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Preventing Concussions

Joseph Polhamus, 3, of Olivet, Mich., looks up at Ann Grzeskowiak of Oaklawn Hospital in Marshall, Mich., as she adjusts Joseph's helmet during the Derek Edwards Bike Safety Rodeo at a K-Mart parking lot in Marshall
AP Photo/Battle Creek Enquirer
Funeral services are being held Saturday for Taylor Davison of Bartlett, Illinois. The 10-year-old girl died this week from head injuries she sustained playing football. While the great majority of head injuries do not result in death, all should be taken seriously.

Dr. Mark Lovell is a sports concussion specialist at The University Of Pittsburgh. He has tips on how parents can keep their children safe.

Definition: "A concussion is a traumatically induced alteration in mental functioning that occurs when an individual is struck on the head or when the brain shifts rapidly within the skull. This does not necessarily involve the person being knocked out. Usually, the effects of a concussion are temporary," says Dr. Lovell.

Causes: Concussions are most likely to happen as a result of a blow to the side of the head, rather than the front or top, as originally thought, according to new research conducted by Biokinetics & Associates. Researchers analyzed videotapes of actual concussions suffered during NFL games and found that 70 percent occurred due to hits to the side of the face or jaw area.

Incidence: Football is responsible for approximately 100,000 concussions in the United States each year.

Symptoms: Part of the danger of concussions is that there is no universal method for diagnosing them. Some players may suffer from a concussion and not even realize it. In addittion to the more common symptoms listed below, other symptoms of a concussion may include disorientation, confusion, dizziness, amnesia, uncoordinated hand-eye movements, and sometimes unconsciousness. The loss of consciousness results from the disturbance of the brain's electrical activity. Severe concussion, although rare, can lead to brain swelling, cell and blood vessel damage and even death.

Here are Dr. Lovell's description of the symptoms of a concussion:

Headache
A headache is the most common symptom following a concussion and the report of a headache by an athlete should lead to further evaluation. Concussions can also lead to migraine headaches in some athletes.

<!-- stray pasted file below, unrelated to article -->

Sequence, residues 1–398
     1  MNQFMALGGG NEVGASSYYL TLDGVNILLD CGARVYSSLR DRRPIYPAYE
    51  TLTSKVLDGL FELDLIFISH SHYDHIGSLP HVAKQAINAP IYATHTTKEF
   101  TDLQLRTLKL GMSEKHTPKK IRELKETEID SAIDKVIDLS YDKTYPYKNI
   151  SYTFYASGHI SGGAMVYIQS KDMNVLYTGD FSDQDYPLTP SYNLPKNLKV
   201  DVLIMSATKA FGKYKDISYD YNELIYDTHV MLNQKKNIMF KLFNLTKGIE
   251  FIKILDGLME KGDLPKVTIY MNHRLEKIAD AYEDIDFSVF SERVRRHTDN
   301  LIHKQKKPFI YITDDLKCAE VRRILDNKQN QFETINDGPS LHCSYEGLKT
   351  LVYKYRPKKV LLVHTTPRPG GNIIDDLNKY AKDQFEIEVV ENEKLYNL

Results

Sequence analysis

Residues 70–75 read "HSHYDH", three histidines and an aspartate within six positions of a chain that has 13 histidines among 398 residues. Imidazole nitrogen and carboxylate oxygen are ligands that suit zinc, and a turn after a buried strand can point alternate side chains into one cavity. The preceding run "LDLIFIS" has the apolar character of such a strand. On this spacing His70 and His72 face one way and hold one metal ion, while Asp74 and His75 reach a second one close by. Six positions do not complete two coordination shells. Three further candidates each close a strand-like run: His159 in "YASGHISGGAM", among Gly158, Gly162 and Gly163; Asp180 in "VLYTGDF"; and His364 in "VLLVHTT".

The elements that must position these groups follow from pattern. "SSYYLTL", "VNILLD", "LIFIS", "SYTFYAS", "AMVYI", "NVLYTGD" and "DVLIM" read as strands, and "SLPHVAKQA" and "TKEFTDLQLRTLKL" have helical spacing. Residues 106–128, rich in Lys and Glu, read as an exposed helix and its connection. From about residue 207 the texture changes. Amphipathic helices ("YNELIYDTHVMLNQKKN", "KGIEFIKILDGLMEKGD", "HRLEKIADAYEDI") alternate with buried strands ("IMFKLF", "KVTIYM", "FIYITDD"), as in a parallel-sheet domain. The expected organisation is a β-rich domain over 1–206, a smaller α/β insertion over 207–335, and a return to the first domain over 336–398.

Balance Problems:
Balance problems are also common following a concussion and the athlete may stumble or appear off-balance on the field.

Double Vision
Visual disturbances are also very common following a concussion and athletes may report double vision, fuzziness of vision or sensitivity to light.

Lightheadedness
This is one of the most common complaints following a concussion. Athletes report feeling not as mentally sharp and may respond more slowly to questions. They may also appear glassy-eyed or dazed.

Memory Problems
We are finding the extent of memory problems may be one of the most important determinants of concussion severity. It is important to evaluate memory difficulties on the field. We frequently ask the athlete to remember three to five words for five minutes and also quiz the athlete about memory of events during the game (both before and after the injury).

Loss Of Consciousness
Although you don't need to be knocked out to have a concussion, any loss of consciousness means that the athlete has suffered a relatively severe concussion. This can be difficult to determine if the athlete is knocked out for only a few seconds.

Complications: Victims of concussions may face other problems as well, including second impact syndrome, which can be extremely dangerous if a second concussion occurs while someone is still suffering the effects of a previous one. Multiple concussions also can have long-term effects, including memory loss and a decline in brain function.

How to Prevent concussions: Parents of football players should ask their coach or athletic director about the type of helmet that's currently used by their team.

What to look for when buying a helmet:

  • The helmet should be NOCSAE certified. NOCSAE stands for National Operating Committee on Standards in Athletic Equipment.
  • The helmet should have extra padding. New design features are "beefing up" the side and chin area of the helmet.
  • The helmet should fit well

"Although we may not be able to prevent concussions, we do believe that we can limit the severity of injury by using proper equipment, diagnosing the injury properly and by making sure that athlete does not return to play too soon after injury," says Dr. Lovell.

A child can return to the field when he or she is "completely free of any symptoms such as headache, both at rest and after physical exertion or exercise. No child should be allowed to return to play with symptoms. Memory function should also be normal. We determine this through performing specialized tests prior to returning the kids to the field," explains Dr. Lovell.